Gram Parsons has been one of the pioneers in a type of genre of music known as Cosmic American music. His unique skills in combining country, rock, folk, and blues into one made him a strong name in the music industry. Without his talent, we wouldn’t have known this kind of music. Therefore, to thank this amazing artist, we are to celebrate what should have been his 73rd birthday by listening to his iconic hit, “Return of the Grievous Angel.”
Parsons may have experimented a lot in his career, and he has been from one band to another until he finally worked as a solo artist. There were some great songs he created while he worked in a band, and when he also went solo. However, what stood out to be his best song was during his solo career, and sadly, it was only released after his unexpected death.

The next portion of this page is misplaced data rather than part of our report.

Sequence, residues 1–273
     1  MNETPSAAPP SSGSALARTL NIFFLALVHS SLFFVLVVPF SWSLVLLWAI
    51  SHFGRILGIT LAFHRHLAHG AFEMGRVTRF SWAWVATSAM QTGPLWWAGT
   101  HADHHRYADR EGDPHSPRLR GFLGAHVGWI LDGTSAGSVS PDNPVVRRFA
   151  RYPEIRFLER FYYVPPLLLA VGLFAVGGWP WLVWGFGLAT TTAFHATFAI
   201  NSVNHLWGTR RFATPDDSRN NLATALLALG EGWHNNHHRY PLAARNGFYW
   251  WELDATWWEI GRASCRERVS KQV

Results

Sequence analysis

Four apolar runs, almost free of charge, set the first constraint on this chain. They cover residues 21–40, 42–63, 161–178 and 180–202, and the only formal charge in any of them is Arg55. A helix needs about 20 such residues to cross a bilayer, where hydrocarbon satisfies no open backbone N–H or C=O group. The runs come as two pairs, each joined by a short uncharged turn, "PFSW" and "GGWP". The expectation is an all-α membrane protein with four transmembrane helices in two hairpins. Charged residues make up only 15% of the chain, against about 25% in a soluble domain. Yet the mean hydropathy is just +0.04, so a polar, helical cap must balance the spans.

“Return of the Grievous Angel:” Gram Parsons Masterpiece
His song “Return of the Grievous Angel” was released as part of his last studio album Grievous Angel in 1972. It was a posthumous album released four months after his death. Parsons album became his best album in his career, but sadly, he wasn’t there to enjoy it.
“Return to the Grievous Angel” was released 9 years after his death, and despite it taking longer to be a single it was still praised by critics and fans to be one of his best songs.
If you don’t believe them then take a listen to Parsons’ song here!
Written by Someone, Edited by Parsons
The song was first written as a poem by a young and shy poet known as Thomas Stanley Brown. He handed the lyrics to Parsons, hoping for it to be turned into music. Parsons indeed used his magic into making these words from a poet into a song, but of course, the lyrics written by Brown were not entirely the same when he handed it to Parsons. Parsons made some changes to the lyrics to fit the melody and everything.
Oh and I remember something you once told me
And I’ll be damned if it did not come true
Twenty thousand roads I went down, down, down
And they all lead me straight back home to you
Thanks to Brown for giving Parsons the idea. We wouldn’t have the chance to listen to such a great masterpiece by Parsons if it wasn’t for Brown.